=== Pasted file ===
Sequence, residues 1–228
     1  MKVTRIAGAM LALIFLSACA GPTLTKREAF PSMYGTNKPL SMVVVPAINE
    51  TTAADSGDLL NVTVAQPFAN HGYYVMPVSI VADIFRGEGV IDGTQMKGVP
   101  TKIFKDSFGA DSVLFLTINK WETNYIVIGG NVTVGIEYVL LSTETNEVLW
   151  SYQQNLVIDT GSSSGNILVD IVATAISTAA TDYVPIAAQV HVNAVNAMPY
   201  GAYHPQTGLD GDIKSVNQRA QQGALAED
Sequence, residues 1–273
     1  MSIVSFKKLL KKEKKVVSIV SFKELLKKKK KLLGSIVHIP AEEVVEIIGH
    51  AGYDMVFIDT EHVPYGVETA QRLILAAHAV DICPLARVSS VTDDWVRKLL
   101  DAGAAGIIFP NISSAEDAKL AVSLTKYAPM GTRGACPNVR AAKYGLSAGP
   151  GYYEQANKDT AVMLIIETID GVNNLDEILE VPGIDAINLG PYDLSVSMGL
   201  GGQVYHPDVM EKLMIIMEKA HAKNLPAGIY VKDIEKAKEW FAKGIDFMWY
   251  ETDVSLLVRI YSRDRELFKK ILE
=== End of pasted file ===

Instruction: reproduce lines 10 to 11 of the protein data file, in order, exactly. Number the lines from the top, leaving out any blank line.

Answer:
   101  DAGAAGIIFP NISSAEDAKL AVSLTKYAPM GTRGACPNVR AAKYGLSAGP
   151  GYYEQANKDT AVMLIIETID GVNNLDEILE VPGIDAINLG PYDLSVSMGL